The WaterJet Flosser is effective for removing Biofilm and Plaque .

Quantitative evaluation of the oral biofilm-removing capacity of a dental water jet using an electron-probe microanalyzer

 

Objective

This study was conducted to evaluate the oral biofilm-removing capacity of a dental water jet (DWJ) by measuring biofilm thickness using an electron-probe microanalyzer (EPMA).

Methods

Thirty consenting subjects wore in situ plaque-generating devices, which consisted of a pair of 4 mm2 enamel slabs attached to the upper molars for 2 days. Each device removed from the mouth was clamped, and one of the slab surfaces was treated with the DWJ, irrigating it for 5 s. The devices were randomly assigned to three different pressure settings of 707, 350 or 102 kPa. Another slab with no treatment served as a control. Each slab was freeze-dried, sputter-coated with platinum, and examined using secondary-electron imaging. The slabs were then embedded in methacrylate and cross-sectioned in the centre. Their surfaces were polished, coated with carbon, and examined using backscattered electron compositional (COMPO) imaging. The area between the enamel and the outer biofilm surface, indicated by a thin platinum layer, was measured by COMPO imaging to calculate the average thickness of the biofilm on the specimen.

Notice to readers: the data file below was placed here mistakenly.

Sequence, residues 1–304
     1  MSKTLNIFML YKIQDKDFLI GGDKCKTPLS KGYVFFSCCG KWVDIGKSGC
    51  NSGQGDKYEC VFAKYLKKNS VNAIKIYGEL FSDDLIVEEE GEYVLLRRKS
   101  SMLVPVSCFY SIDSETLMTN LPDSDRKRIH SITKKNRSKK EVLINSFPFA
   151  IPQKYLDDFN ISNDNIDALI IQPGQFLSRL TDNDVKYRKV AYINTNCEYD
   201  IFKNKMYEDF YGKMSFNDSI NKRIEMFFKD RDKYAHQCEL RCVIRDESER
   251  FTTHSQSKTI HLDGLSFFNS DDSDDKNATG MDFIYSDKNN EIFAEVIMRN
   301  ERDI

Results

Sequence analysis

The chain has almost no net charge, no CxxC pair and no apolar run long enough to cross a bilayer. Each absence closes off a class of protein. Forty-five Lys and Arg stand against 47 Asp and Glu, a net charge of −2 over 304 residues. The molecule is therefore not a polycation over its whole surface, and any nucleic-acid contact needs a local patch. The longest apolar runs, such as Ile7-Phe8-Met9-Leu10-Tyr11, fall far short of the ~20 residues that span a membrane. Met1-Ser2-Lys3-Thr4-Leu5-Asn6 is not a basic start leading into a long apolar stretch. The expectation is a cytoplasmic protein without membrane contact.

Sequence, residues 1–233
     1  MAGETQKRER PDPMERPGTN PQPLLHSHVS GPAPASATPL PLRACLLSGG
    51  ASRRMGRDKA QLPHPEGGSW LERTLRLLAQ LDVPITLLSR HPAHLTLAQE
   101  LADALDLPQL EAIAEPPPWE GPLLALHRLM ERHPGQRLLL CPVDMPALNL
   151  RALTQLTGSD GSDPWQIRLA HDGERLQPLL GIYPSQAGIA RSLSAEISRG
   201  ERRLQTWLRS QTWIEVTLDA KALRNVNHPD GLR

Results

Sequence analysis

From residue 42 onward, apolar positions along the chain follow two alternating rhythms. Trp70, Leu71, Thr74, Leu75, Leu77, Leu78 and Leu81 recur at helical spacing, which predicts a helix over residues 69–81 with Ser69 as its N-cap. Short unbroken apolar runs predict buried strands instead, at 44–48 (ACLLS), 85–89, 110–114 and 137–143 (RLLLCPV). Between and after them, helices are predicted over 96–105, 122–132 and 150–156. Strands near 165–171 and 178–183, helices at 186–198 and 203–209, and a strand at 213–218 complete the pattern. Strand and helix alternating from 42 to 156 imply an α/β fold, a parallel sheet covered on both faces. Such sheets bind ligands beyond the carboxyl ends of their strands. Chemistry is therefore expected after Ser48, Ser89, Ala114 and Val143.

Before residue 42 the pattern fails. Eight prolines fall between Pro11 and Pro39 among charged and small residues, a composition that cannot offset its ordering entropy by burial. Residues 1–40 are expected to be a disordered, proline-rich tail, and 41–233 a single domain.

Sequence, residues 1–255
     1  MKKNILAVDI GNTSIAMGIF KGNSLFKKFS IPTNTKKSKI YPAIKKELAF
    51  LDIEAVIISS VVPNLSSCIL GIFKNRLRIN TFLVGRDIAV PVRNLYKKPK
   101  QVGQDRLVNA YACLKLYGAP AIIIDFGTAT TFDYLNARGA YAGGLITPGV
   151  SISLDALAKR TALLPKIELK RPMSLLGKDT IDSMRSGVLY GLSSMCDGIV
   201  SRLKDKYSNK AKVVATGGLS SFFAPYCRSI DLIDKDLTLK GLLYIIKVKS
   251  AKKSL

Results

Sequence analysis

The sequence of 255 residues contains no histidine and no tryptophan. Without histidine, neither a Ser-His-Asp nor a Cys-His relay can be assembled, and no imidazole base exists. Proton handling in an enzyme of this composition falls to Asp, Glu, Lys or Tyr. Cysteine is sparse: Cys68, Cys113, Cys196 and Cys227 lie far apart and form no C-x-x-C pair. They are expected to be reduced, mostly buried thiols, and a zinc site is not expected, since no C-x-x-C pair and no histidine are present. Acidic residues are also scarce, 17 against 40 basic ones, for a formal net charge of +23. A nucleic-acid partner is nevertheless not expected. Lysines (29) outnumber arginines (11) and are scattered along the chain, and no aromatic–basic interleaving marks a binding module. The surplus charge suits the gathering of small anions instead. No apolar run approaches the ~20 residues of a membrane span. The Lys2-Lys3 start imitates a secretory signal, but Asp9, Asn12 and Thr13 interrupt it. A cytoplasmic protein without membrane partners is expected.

Results

The removal capacity of biofilm by irrigation was estimated using a reduced rate of biofilm thickness, which was calculated from the differences between a pair of treated and control slabs. The reduced rates were 85.5% at 707 kPa, 85.1% at 350 kPa and 63.4% at 102 kPa, indicating that biofilm thickness was significantly reduced at every pressure setting.

Conclusions

The results suggest that irrigation using a WaterJet Flosser would be an effective means of plaque control.